Blake's PhD Website

A Brief Introduction.

Hi! I'm Blake Troise, aka PROTODOME, and I'm studying for a PhD in 1-Bit Music Composition at Southampton University. If you're here for supervision / examination purposes, please click here. If you're just browsing, continue on. I'll upload the stuff behind the password wall as soon as no longer top secret.

Wait - what's 1-bit music?

1-bit music, generally considered a sub-division of chiptune, is the music of a single square wave. The only sonic operations possible in a 1-bit environment are amplitude and time, where amplitude is quantised to two, binary states: high or low, on or off. As such it is impossible to achieve traditionally simple musical operations such as polyphony and dynamic control. Despite restricted, the unique techniques and auditory tricks of contemporary 1-bit practice exploit the limits of human perception. Through layers of modulation, abstraction and clever writing, these compositional methods generate music far more complex than the medium would, at first impressions, indicate.

Right... So what are you doing?

The project aims to explore the numerous quirks of 1-bit music, identify the composers and hardware that shaped the genre, demonstrate techniques with code and electronics, and try and develop my own unique compositional language within the genre.

So is it those computer game tunes?

Well, not really, no. I'm mainly working with Atmel's AVR series of microcontrollers to create the music. Although whilst not originally conceived through ludic platforms (one can hear simple examples of 1-bit sonics in microwave interfaces and smoke alarms!) 1-bit music, as it is understood today, has been developed and propagated through video games. Where systems such as the ZX Spectrum and early desktop computers (using the internal piezoelectric 'speakers') had severely limited audio capabilities, video game developers and composers found creative solutions to do the seemingly impossible; polyphony, timbral variation and alterable volume all using a single, monophonic square wave. Although 1-bit sound routines are impractical, consuming a large portion of CPU operations, by necessity video games and cheap computational platforms facilitated the development of a peculiar and distinctive musical tradition that may otherwise have been entirely overlooked.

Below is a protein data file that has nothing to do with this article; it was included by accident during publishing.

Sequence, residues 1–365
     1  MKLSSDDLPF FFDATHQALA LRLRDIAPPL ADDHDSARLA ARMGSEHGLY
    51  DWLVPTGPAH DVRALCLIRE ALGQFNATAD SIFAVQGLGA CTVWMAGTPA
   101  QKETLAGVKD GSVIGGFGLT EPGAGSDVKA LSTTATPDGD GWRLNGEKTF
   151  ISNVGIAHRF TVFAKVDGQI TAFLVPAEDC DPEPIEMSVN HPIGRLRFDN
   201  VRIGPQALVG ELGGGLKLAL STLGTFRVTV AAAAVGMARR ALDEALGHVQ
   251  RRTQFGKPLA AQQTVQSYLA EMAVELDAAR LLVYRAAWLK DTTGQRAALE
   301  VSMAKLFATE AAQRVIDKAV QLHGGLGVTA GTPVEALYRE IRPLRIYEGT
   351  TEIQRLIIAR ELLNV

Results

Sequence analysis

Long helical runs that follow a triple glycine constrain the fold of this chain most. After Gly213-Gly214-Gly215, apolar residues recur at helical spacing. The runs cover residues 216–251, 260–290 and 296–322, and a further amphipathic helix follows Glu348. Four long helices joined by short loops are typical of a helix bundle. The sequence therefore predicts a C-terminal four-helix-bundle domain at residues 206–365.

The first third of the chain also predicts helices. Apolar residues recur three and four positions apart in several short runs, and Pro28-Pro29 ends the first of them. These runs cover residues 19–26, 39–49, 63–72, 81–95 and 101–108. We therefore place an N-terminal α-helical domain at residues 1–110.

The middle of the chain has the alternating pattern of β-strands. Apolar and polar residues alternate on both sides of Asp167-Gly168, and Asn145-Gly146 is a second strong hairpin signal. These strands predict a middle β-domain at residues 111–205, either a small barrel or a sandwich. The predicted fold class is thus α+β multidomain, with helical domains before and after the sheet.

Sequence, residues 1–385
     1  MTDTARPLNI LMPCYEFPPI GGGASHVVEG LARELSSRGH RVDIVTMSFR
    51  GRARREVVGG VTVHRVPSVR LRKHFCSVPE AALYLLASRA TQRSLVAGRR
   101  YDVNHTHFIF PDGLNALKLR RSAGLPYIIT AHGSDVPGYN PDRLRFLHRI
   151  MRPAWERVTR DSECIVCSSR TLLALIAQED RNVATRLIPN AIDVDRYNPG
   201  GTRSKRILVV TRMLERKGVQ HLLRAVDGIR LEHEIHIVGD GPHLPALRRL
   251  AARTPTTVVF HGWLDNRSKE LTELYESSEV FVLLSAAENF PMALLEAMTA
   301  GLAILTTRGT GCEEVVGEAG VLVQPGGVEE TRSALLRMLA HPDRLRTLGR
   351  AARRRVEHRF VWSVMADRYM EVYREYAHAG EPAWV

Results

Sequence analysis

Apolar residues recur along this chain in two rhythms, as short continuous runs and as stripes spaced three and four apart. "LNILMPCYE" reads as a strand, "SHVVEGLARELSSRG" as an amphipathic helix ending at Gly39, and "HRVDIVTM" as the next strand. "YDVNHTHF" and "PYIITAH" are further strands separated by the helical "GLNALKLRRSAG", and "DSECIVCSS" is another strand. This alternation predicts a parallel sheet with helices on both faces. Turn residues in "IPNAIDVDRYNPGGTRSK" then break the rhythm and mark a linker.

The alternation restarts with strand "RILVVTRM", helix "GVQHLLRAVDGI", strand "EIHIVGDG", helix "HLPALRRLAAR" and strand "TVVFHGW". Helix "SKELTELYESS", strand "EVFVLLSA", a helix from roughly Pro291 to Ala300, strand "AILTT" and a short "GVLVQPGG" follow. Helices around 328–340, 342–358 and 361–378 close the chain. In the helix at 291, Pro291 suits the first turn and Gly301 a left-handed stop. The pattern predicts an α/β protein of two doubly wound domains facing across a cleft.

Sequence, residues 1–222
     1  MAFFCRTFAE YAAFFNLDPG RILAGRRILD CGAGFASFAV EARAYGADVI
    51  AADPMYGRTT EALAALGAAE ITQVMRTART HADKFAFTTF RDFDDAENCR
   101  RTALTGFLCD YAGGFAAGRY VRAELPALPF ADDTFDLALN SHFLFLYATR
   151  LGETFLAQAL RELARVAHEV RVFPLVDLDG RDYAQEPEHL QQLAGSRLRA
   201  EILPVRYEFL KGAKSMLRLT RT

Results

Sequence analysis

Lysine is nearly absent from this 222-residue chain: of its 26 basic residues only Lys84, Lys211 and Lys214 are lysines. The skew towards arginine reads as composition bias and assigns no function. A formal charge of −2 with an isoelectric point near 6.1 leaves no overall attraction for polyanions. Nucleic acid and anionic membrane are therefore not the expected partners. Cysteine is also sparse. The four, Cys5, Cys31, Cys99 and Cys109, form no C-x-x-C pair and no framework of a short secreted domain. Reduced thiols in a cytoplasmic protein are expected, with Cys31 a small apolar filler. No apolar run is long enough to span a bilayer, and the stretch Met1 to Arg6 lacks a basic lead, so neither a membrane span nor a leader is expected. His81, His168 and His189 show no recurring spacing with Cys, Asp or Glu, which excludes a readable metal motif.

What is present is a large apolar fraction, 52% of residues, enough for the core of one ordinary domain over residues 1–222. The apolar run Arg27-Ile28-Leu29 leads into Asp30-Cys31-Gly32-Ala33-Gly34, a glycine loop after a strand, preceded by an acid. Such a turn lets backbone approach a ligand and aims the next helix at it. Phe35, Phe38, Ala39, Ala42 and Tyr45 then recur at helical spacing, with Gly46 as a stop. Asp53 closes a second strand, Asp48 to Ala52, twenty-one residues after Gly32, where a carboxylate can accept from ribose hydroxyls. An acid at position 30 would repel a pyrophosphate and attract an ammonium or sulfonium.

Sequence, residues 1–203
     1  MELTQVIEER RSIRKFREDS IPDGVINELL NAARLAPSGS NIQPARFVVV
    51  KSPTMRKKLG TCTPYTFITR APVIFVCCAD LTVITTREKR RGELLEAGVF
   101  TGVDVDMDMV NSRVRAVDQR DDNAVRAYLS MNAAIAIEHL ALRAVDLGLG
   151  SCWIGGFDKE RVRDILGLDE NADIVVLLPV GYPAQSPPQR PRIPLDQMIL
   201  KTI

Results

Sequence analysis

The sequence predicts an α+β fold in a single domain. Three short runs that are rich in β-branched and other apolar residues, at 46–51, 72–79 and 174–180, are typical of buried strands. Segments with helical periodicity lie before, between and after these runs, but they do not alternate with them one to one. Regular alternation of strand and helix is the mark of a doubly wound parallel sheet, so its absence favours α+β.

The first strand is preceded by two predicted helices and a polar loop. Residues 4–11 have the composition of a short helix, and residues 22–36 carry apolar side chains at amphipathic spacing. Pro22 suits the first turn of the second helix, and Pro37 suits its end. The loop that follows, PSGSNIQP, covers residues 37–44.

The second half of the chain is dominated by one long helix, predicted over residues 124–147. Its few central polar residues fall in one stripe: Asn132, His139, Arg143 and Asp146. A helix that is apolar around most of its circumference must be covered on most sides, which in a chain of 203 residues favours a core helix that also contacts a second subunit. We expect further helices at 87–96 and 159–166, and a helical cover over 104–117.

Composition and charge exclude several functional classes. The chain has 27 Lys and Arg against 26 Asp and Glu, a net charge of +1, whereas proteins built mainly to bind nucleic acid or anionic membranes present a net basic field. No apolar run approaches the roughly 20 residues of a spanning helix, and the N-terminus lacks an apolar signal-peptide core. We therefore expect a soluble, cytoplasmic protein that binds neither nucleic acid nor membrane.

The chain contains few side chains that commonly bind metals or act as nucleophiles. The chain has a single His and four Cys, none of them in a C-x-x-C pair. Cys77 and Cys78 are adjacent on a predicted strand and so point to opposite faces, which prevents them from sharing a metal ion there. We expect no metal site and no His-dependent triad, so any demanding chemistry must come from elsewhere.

Yes, it's computer game noises.


Roses Are #FF0000

Performed by Yshani Perinpanayagam.

Roses Are #FF0000 is a duet for pianist and Attiny13. The piece explores the relationship between two sound and paradigmatic worlds: the acoustic and the digital, the human and the computational. Materials aim not to be confrontational but collegial; perhaps as far as intrinsically symbiotic. The human behind the piano takes on the role they, and their instrument, are best suited: expressive passages, fluidity of rhythm and extended polyphony. The microcontroller provides eclectic percussive material and rigidly quantised ostinatos, reinforcing harmony and in places implying alternate harmonies using the thematic repeated motif. The microcontroller requires the pianist to provide this harmonic context just as the pianist relies on the electronics to provide timing, percussion and extended timbres.

Studio recording.

Quick shout out to the telemarketers who made me regret not immediately buying WHOIS protection. You're my inspiration.